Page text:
Flashing the nodemcu amica:

  1. Get the latest esp-link firmware from https://github.com/jeelabs/esp-link/releases
  2. Download the Nodemcu flashing software at https://github.com/nodemcu/nodemcu-flasher/archive/master.zip
  3. Connect the nodemcu amica to the computer using a USB Cable
  4. Setup the Nodemcu flashing software to flash the correct firmware files at the correct memory addresses See https://github.com/jeelabs/esp-link/blob/master/FLASHING.md for details: Flash
  5. Make sure that the checkbox is checked for all the files. It appears to not flash the file if it is unchecked:


Now you should be able to hit the flash button:


Setting up the esp-link software:

  • On a computer look for an open wifi hotspot with a name like  ESP_[??????] and connect to it.
  • In a web browser navigate to
  • On the right hand side of the website click on the Wifi Soft-AP and configure your SSID and add a password if you want. Note you will have to re-connect to the device if you change the SSID or password.
  • On the home tab configure the GPIO using the presets drop down choose the ESP-12 swapped option:


  • On the debug log tab turn off debugging since it will echo on the serial port:



The PCB connecting the ESP8266 and the level shiftier will need to be soldered as shown in this photo:


If you are unsure of the orientation make sure that the VCC and Grounds of the ESP8266 module are connected to the respective VCC and GND pins on the level shifter.

Testing and Use

The esp-link software has a built in serial terminal that works OK for a quick test. It is located on the uC Console tab. A quick way to test if everything is working is to use a loopback. The loopback can be as simple as connecting pins 2 and 3 of the dsub on the level shifter together. When the loopback is attached anything typed should be echoed in the console. When it is disconnected no echoing should occur.

The serial port can also be accessed using telnet. This can be done using a telnet client like PUTTY http://www.putty.org/

Connect to the device on port 23 using telnet

Network Attached GPIO with HP Jetdirect

The goal of this is to create some network attached GPIO with some of the HP Jetdirects in my junk box. Here are some of the web sites used to figure this out:

As far as hardware the project was started with a Jetdirect 300x this was replaced with a 170x. The 300x has 10/100 base t which is why it was initially chosen. This was later replaced with the 170x which is only 10 base t. If you are looking to buy hardware, shoot for the 170x. The 300x, at least the one tested, does not appear to be as stable as the 170x.

The Jetdirects did not come with a power supply. The power connector was a somewhat weird diameter. Sourcing the power supply on Ebay proved more time consuming and expensive than desired. The search did lead to this listing which is hilarious.  Just picture a person driving with a wired network and a printer in their car. No one probably ever buys this…


The easiest solution for this was to pop open the case and solder some wires to the power connectors. That was also a problem since HP was nice enough to use some super tiny Torx security bits. A quick trip to the hardware store and the screws were no match for my new set of security screwdriver bits.

These wires were then attached to a surplus 12v wall wart.


For testing a PCB was created and the design was sent to https://macrofab.com/.


The original PCB did not have the connection on the DB25 connector between pins 1,  10, 13 and 15. This was added later on with some red 30 awg wire wrap wire.

The first problem that was encountered was finding the Jetdirect’s IP address. Usually this would be a simple task. All that would be required is holding down a button on startup and the jet direct would print out a configuration page that lists its IP address. This would be easy other than the fact that I no longer own a printer with a parallel port interface. The device is supposed to have a default IP of so that was tried first. After some reading it appears that if the device is power cycled while holding the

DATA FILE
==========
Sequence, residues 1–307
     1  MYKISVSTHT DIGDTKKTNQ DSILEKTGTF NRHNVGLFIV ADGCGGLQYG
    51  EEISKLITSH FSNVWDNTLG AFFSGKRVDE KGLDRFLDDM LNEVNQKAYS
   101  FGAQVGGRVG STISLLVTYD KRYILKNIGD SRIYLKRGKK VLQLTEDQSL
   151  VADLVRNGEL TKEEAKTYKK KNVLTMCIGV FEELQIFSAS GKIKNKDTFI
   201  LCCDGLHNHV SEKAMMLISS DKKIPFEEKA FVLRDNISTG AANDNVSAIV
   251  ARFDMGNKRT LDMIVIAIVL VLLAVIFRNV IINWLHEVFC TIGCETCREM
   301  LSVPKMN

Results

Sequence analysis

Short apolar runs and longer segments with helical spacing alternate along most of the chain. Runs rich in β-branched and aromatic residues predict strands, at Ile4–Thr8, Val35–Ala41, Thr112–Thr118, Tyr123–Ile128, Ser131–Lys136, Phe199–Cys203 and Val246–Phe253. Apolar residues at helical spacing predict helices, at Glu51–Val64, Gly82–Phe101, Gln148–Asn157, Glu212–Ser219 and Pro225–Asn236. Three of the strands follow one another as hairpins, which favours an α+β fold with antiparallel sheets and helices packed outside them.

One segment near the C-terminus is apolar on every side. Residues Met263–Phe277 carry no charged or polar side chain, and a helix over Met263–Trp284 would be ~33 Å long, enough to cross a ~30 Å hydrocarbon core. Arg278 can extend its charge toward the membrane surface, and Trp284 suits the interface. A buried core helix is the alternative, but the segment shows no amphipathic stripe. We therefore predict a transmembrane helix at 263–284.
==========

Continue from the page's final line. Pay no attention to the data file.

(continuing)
“test”button and releasing after 5 seconds it will go into reset and have factory defaults. After this was accomplished it was possible to ping, telnet and connect to the device using a web browser.


The telnet interface looked somewhat primitive so I opted for the web interface. The web interface failed to load in chrome so IE was tried. IE gave this lovely error:


After updating Java and adding the IP to the trusted sites in the java control panel, the web interface still did not work.


After some reading this is due to stricter security in the newer versions of Java. The work around for this was to use the telnet interface.


The jet direct’s default IP address of was not convenient so it was changed to be in the 192.168.1.xxx range. This was done by issuing the command ip: (or whatever IP you want) hitting enter then typing quit. After that wait one minute and power cycle the Jetdirect. The Jetdirect should now show up hopefully at the new IP. One other setting also needs to be set to gain control of the Jetdirect’s parallel port. The “set cmnty name” setting also needs to be set. This can be done by sending set-cmnty-name: private then typing quit.

One more thing needs to be done to trick the Jetdirect into thinking it has a printer attached. This is setting the npPortCentronicsHandshaking value in the jet direct. This was done with SNMPGetSet available here: http://www.fileguru.com/SNMPGetSet/download. The register is set by putting the value of into the OID box at the bottom of the form. Once that is done hit the SNMPGet button. The returned value should be 3.


To set the value change the value in the box to 2. After changing the value of 2 make sure that you set the value type to ANS1_INT. Then press the SNMPSet Button.  If you do not change the value type the setting will not save.  You can confirm the setting was saved by pressing the SNMPGet button again.


If everything is working correctly the Jetdirect should now be able to be controlled. To verify everything is working correctly first check to see if the Jetdirect will open port 9100. This can be done from a Unix shell with netcat. Command nc -vz 9100 you should see  [tcp/*] succeeded! if everything is working. If that does not work try port 23. If you can connect on port 23 but not on 9100 the Jetdirect does not think a printer is connected. Check your wiring especially on pins 1,  10, 13 and 15.

If everything works the fun begins. A printf "\xFF" | nc 9100 should turn on all the leds.

A sample program was constructed in C# to simulate the Knight Rider dash or a Cylon.

Here is the code: https://github.com/mdunakin/JetDirectDemo

Here is a video of the code running: